Ireland’s Retail Sector & The Brexit-effect
This blog discusses the Irish retail sector at the present moment, what can stimulate growth in the sector, and the potential roadblocks to growth that could be caused by the impending Brexit.
Although growth in the retail sector has slowed, it still remains an important component of the Irish economy. In fact, the retail sector contributes over €7 billion euro in tax revenues, making it the biggest contributor to the Irish exchequer with ‘23% of total tax receipts in Ireland’.
The sector generates over €30 billion euro in sales and it employs 14% of the Irish workforce. Consumer prices were down by 0.2% in the first half of 2017 because of deflation.
Ibec has identified ways in which the Irish retail sector can increase its competitiveness, stimulate growth and improve performance.
Ingraining government support in the retail sector, by providing tax credits to improve the ‘online sales’ capability’, reducing the cost of regulatory compliance in the sector, providing training and education programmes to enhance retail service performance and by regenerating areas in Ireland that have been ‘devastated by the recession’, are just a few ways Ibec has identified to spur growth and performance in the industry.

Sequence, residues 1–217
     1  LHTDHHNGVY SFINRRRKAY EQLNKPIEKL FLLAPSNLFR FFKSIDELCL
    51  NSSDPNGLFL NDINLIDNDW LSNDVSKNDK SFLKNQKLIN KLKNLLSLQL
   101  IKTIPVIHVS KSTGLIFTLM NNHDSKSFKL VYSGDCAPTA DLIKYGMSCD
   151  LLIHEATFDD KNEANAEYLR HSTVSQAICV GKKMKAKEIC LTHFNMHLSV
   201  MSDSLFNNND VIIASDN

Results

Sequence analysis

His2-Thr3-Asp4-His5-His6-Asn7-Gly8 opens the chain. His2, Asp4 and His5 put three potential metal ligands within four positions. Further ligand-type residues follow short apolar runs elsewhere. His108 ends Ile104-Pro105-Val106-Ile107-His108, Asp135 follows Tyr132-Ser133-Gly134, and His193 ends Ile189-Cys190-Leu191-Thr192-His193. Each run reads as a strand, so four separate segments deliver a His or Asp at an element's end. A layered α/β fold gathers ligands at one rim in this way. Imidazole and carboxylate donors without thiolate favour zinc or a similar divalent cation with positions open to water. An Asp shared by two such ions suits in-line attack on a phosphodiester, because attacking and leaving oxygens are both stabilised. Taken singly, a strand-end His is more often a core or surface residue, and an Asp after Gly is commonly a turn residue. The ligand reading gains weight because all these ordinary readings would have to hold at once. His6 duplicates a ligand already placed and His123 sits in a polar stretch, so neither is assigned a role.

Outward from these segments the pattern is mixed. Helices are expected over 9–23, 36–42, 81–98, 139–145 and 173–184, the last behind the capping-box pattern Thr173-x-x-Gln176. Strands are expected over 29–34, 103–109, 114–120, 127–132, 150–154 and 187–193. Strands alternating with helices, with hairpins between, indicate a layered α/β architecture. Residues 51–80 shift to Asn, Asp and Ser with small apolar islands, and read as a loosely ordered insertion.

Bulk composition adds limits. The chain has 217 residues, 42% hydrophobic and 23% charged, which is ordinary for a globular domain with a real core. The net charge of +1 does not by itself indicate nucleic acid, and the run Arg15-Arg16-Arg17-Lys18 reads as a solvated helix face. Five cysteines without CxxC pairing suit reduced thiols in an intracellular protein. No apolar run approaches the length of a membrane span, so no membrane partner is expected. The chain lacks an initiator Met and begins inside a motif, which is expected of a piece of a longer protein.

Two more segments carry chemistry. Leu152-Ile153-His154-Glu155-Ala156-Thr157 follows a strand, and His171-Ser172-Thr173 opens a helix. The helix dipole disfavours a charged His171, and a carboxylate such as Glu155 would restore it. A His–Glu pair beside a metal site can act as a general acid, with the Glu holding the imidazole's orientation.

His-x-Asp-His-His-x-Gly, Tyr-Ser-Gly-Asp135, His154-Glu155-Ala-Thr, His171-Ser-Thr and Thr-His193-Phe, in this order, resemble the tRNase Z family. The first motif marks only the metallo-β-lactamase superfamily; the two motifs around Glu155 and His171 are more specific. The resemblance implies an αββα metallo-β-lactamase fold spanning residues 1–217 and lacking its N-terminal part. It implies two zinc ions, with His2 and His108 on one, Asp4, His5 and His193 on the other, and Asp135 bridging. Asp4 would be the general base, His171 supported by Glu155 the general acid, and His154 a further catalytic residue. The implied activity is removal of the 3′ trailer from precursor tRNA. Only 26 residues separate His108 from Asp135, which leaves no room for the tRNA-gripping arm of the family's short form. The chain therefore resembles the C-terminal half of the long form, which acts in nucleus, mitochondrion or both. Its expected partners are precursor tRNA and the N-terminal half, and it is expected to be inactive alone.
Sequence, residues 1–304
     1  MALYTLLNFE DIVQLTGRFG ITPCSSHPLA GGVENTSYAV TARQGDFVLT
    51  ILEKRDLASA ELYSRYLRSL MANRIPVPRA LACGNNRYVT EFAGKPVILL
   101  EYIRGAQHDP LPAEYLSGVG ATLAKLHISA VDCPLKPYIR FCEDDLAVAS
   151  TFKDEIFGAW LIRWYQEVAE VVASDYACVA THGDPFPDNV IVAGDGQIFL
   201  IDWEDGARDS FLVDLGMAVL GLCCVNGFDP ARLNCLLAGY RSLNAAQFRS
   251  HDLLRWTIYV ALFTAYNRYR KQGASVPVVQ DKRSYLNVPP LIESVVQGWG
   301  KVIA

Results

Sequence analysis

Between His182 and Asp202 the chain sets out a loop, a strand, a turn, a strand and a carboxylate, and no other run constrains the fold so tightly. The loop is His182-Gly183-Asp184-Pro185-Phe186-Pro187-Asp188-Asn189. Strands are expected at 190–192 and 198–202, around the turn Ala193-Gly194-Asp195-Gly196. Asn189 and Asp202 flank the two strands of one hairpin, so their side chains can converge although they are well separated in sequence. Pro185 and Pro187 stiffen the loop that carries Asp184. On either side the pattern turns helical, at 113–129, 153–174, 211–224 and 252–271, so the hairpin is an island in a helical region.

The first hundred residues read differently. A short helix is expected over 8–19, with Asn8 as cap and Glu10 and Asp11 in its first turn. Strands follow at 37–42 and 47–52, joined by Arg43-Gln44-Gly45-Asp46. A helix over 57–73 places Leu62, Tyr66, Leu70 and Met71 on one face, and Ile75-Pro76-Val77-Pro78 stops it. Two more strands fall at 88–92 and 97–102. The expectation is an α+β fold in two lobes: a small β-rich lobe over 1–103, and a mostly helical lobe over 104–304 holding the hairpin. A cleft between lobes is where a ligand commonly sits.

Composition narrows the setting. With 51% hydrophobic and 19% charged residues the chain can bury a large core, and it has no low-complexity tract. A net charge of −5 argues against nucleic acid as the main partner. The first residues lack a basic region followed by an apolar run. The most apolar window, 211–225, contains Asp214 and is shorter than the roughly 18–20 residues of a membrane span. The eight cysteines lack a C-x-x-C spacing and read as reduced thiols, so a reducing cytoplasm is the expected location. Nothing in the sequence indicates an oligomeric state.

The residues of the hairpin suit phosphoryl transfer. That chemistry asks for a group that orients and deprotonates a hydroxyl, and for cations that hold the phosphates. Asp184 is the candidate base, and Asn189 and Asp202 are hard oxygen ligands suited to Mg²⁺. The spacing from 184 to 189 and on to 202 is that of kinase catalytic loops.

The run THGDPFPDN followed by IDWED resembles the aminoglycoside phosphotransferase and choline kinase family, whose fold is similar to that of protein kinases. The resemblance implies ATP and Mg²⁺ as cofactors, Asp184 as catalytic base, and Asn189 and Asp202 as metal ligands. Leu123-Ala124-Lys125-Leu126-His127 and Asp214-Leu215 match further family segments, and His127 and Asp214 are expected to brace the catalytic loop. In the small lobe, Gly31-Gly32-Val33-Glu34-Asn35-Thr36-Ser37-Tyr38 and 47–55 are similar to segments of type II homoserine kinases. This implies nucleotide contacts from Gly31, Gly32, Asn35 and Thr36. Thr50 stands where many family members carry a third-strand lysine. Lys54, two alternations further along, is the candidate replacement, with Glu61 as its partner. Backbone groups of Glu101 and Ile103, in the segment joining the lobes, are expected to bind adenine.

Brexit-effect on the Irish Retail Sector
There are several costs and regulatory implications for Irish retail due to Brexit.
The drop in value of sterling after Brexit has had a negative effect on Irish retailers. In a time when “two-thirds of consumer spending online is fulfilled by businesses operating outside Ireland”, a weak sterling can continue to attract Irish consumers to UK businesses.
After Brexit occurs, import prices for Irish retailers will be affected by exchange rate volatility. This exchange rate volatility could potentially discourage investment.
Imports and the supply chain, in general, will be affected in ways other than prices: Product supply will be disrupted by Brexit enforced EU Customs controls, added supply chain costs for ‘product originating in or in transit through a non-EU territory’, and ‘regulatory divergence’ between jurisdictions will add costs for Irish retail businesses.
The retail sector in Ireland is facing challenges, whilst government associations attempt to stimulate growth and profitability in the sector through a number of different ways.